This is not a 100% bullet proof method, but there is nothing to lose.

Dealing with Hardware

One thing to remember while building mobile websites is that they don’t have any mouse or keyboard, so all keyboard jQuery for navigation will not work, also, since there is no mouse, there are no hover effects. Building navigation menu for tablets is little tricky, although most tablets like iPad make most of the navigation menus easily usable, however, in some tablets like PlayBook, making our navigation menu work is real pain, especially the ones with sub menus (since they use hover), we need to carefully CSS between :hover and :active pseudo classes (as they are practically same for mobile devices). Whitespacing is another crucial element in mobile devices, we don’t want our website to look in clutter and we must build elements, especially clickable elements with decent amount of padding **and adequate **spacing so that our fingers can tap easily on them (since our fingers are much more thicker than mouse pointers and some times it gets irking when we can not click items and need to zoom-in to do so). Besides, check out jQuery Mobile for adding touch gestures to websites.

Ditch Flash

Most of us are already aware of that many mobile devices like iPhones, iPads, Windows Phones, Chrome on Android, etc don’t have flash, even if some do, flash experience on them is not the same as in desktop computers, thus we should certainly not use it. We can use jQuery animation instead of flash to achieve most of the effects and where flash is absolutely necessary, we can do conditionals to check for flash and then execute the suitable code. SWFObject is an easy to use and standards friendly method to embed Flash content, which utilizes one small JavaScript file, we should use this where we absolutely need to use flash.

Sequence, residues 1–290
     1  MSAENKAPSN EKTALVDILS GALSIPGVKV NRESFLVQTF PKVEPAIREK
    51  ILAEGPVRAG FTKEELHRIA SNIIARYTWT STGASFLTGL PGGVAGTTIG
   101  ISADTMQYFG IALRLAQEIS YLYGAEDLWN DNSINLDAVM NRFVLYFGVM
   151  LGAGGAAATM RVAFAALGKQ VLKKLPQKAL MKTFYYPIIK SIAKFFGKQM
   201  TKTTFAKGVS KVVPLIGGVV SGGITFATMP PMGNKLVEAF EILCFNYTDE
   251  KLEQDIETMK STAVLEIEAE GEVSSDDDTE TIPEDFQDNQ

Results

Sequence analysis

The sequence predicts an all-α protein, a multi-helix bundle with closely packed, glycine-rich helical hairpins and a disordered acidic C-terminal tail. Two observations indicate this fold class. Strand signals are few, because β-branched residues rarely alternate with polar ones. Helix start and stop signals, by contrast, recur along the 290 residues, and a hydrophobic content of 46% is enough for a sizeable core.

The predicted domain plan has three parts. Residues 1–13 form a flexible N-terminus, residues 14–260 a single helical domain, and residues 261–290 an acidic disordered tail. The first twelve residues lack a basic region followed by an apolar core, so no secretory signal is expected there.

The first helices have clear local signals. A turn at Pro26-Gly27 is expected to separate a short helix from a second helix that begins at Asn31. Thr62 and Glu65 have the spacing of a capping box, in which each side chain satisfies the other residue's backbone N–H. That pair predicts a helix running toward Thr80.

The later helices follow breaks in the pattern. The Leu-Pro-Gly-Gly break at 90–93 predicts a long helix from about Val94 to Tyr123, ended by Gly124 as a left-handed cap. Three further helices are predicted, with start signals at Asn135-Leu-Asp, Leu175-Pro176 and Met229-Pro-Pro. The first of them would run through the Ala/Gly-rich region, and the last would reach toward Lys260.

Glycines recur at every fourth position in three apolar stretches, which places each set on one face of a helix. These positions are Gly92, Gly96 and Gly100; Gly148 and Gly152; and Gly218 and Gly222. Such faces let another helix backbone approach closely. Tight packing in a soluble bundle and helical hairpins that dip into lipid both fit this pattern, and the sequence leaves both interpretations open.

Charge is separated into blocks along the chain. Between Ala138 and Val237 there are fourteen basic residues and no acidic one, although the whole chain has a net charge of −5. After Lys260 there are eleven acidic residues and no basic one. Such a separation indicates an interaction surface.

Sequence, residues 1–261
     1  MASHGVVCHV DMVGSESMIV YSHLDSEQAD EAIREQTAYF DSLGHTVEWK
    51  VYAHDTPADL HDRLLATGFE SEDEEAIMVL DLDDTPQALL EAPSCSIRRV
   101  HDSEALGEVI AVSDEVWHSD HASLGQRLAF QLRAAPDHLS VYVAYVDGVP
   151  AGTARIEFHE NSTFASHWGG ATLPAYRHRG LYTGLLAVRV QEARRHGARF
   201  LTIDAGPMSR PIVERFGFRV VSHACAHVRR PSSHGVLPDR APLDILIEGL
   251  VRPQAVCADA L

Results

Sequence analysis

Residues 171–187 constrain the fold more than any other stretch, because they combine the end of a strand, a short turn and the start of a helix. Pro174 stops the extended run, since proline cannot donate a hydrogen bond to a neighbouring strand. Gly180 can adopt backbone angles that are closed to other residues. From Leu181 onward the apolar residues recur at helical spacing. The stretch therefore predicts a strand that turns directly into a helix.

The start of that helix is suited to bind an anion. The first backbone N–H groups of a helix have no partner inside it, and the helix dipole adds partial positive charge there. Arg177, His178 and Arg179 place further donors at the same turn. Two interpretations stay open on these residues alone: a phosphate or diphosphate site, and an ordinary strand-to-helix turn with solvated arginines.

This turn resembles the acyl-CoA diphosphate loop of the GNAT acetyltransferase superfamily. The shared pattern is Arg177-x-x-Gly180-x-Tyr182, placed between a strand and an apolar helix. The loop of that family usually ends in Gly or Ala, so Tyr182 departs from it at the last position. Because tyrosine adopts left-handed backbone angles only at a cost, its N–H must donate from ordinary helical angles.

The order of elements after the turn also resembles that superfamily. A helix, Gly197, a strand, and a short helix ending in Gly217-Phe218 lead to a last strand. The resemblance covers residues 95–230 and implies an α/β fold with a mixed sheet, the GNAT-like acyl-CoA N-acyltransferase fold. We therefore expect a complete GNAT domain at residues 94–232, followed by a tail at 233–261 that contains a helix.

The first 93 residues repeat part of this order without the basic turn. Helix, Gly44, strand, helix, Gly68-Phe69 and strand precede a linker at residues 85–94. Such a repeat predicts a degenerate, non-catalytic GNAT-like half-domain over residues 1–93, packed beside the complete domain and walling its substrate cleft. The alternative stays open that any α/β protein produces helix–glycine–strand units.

And finally, not all tablets are Webkit, use standardized properties!

Windows 8 Tablet
I know this will sound weird to most of you, especially since currently every tablet (probably) is on Webkit and thus what we tend to do is use those non standardized -webkit only CSS3 without their other counterparts, though it is very helpful and it works (and we should use them), but there are problems because of this, let me illustrate one. A decade ago, IE6 was the most dominant web browser in the world, the whole Internet was full of websites made only for IE6, the users of other browsers were discontented. Though that particular problem is over now, but it is back in another form now, Webkit. Webkit is the rendering engine used by almost every modern mobile device (except a very few) and hence the mobile Internet is now full of Webkit only websites, now what if in future tablets ditch Webkit? And that future might not be very distant, later this year, Microsoft will introduce its flagship for tablet operating system, Windows 8, and as far as I can tell from its release preview and beta, its quite good, and its success wont be any surprise, however, it will be a surprise for designers when most of their websites wont work on it’s default web browser. Similarly, Firefox and Opera also have a decent share of mobile browsing, those -webkit properties wont work on even them (although Opera supports some -webkit properties). So to avoid all this, we are better off using standardized CSS properties for most of our designing and use -webkit properties with their -moz, -ms, -o and prefixless counterparts. Prefixr.com can help you to make your cross-browser CSS.

Further Reading [unordered_list style=”arrow”]

Handy Collection of JavaScript Prototypes